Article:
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Israel Concerned About Reported Expansion of Iranian Uranium Enrichment


Israel is concerned about reports that Iran is expanding its uranium enrichment program. Iran's student news agency, ISNA, reported Friday that the nation has successfully started enriching uranium in a second network of centrifuges.

With Iran reportedly increasing its capacity for enriching uranium, Israel fears that time is running out on efforts to stop the Islamic regime from building a nuclear bomb. Last week, Iran's president said Israel would soon disappear, following up on a similar statement a year ago, when he threatened to "wipe the Jewish state off the map."

Israeli government spokeswoman Miri Eisen says such bellicose statements are a cause of deep concern in Jerusalem.

"It's inconceivable that a country that calls for the destruction of another country should also try to achieve nuclear capability," he said.

Israel believes the international community is moving too slowly, as Iran stalls and continues to advance its nuclear program. Britain, France and Germany have proposed a draft U.N. Security Council resolution that would impose sanctions on Iran for its nuclear program and refusal to suspend enrichment activities.

Eisen says the U.N. and world powers must take a two-pronged approach.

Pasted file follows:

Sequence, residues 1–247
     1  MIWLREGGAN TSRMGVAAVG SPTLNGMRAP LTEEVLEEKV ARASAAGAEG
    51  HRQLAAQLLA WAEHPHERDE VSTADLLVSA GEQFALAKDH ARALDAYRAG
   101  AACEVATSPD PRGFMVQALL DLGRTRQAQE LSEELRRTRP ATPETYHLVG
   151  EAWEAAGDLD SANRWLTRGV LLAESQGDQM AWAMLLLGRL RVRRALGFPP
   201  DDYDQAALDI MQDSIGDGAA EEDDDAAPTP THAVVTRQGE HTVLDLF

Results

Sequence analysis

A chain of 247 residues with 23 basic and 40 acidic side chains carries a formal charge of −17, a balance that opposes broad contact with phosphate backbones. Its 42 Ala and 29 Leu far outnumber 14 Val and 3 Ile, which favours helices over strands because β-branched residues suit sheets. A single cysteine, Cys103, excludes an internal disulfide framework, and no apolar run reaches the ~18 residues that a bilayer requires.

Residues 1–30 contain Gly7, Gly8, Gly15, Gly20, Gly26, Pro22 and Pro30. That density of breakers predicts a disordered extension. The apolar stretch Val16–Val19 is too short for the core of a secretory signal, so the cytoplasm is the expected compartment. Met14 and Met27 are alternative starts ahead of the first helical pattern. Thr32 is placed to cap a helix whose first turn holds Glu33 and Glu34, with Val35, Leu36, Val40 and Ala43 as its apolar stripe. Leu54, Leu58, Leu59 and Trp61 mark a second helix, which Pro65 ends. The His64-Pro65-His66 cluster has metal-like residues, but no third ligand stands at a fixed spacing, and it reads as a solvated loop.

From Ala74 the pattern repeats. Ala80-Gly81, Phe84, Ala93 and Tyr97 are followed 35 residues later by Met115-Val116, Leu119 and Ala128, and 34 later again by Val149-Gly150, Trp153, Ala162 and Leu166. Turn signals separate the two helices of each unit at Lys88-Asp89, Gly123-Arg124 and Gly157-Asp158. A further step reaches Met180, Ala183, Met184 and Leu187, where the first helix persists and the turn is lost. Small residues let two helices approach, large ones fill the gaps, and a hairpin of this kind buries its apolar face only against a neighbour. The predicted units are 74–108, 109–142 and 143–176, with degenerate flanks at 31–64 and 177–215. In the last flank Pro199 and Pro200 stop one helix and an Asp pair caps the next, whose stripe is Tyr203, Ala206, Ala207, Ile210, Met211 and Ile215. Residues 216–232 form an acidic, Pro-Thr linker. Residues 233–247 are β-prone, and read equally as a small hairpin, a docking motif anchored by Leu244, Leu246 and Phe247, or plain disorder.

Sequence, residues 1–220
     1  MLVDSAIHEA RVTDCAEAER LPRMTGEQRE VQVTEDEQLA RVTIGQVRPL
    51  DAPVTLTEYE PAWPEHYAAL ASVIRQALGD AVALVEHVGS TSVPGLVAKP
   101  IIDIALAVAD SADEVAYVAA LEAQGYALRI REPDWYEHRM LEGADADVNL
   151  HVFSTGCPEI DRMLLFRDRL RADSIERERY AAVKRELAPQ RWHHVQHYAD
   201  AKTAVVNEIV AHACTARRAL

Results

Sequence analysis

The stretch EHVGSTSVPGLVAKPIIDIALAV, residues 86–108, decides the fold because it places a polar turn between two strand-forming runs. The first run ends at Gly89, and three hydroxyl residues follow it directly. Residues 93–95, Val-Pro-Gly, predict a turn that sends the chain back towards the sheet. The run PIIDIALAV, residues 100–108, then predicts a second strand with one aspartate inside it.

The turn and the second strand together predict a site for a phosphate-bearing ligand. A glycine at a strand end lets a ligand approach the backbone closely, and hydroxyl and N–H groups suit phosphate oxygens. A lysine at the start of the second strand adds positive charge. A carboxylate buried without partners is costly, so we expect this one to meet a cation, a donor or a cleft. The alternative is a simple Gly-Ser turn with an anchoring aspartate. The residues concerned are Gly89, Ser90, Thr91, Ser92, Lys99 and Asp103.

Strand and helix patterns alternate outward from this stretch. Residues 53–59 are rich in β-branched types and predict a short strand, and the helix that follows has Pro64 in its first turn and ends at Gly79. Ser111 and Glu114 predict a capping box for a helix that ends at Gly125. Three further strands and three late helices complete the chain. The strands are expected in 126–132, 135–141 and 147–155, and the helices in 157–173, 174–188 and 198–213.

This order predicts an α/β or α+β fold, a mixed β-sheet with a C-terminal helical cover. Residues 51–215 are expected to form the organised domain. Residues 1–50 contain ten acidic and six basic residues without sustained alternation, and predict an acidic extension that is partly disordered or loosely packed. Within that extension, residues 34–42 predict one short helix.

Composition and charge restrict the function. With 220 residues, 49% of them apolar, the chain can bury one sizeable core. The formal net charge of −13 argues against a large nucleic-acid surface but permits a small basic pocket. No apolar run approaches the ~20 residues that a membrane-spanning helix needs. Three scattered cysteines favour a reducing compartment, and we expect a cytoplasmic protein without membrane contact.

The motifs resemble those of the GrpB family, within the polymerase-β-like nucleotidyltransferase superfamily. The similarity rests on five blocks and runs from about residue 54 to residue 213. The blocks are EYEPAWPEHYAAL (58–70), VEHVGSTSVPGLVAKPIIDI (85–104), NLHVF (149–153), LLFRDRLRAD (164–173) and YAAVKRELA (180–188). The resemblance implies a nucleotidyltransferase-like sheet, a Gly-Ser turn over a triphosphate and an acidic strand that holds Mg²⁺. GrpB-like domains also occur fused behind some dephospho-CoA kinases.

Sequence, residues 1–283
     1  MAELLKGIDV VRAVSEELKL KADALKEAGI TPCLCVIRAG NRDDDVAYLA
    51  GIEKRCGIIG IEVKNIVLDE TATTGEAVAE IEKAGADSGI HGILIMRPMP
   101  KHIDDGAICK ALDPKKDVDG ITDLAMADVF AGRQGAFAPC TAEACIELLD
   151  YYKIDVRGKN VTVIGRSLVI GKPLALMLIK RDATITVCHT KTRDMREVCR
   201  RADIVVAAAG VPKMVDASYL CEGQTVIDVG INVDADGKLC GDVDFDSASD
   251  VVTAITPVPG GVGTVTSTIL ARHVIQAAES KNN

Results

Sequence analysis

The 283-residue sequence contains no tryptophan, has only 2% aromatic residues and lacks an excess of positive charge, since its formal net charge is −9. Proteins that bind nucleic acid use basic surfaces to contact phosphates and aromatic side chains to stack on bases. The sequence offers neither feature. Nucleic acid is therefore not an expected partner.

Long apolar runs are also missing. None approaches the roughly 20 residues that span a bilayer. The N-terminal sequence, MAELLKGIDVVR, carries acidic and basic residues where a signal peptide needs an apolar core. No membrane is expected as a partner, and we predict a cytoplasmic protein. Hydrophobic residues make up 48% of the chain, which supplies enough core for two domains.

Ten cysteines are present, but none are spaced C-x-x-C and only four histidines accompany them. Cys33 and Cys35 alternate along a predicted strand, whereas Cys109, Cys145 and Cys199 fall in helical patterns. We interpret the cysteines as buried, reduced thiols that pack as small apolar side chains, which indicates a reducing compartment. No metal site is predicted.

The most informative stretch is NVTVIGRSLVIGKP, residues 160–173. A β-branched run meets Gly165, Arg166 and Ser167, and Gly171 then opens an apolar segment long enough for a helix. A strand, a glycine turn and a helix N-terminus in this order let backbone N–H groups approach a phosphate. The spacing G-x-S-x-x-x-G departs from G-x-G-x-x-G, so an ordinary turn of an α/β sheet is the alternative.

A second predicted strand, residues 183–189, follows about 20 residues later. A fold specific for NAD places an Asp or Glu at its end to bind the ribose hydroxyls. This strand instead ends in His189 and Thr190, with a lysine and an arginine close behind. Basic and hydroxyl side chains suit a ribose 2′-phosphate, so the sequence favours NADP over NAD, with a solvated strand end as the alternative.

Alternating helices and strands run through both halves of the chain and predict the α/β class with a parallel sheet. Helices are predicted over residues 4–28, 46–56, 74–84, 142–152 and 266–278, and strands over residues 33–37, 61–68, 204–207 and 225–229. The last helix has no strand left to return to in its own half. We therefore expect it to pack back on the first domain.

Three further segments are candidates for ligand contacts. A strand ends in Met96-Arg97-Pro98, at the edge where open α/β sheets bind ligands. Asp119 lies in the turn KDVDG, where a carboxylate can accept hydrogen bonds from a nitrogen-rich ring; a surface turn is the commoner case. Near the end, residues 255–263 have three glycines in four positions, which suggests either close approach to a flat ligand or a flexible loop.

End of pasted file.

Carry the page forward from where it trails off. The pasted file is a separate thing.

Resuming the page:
"That on the one hand, the international community won't only condemn the president of Iran for what he says, but that he should be sidelined, that he should not be part of the international community; and at the same time, to continue, as strong as we can, to make sure that they do not achieve nuclear capability," he added.

Prime Minister Ehud Olmert has said repeatedly that Israel cannot allow Iran to acquire a nuclear bomb. That has aroused speculation that Israel could launch a pre-emptive strike against Iran's nuclear facilities, as it did in 1981, when the air force destroyed Iraq's nuclear reactor.

But analysts say it would be much more difficult to knock out Iran's nuclear facilities, which are spread out and fortified deep underground in concrete. Since the military option is not an attractive one strategically or diplomatically, Israel is urging the international community to act against Iran before it's too late. Iran says its nuclear program is peaceful and aims to produce electricity.

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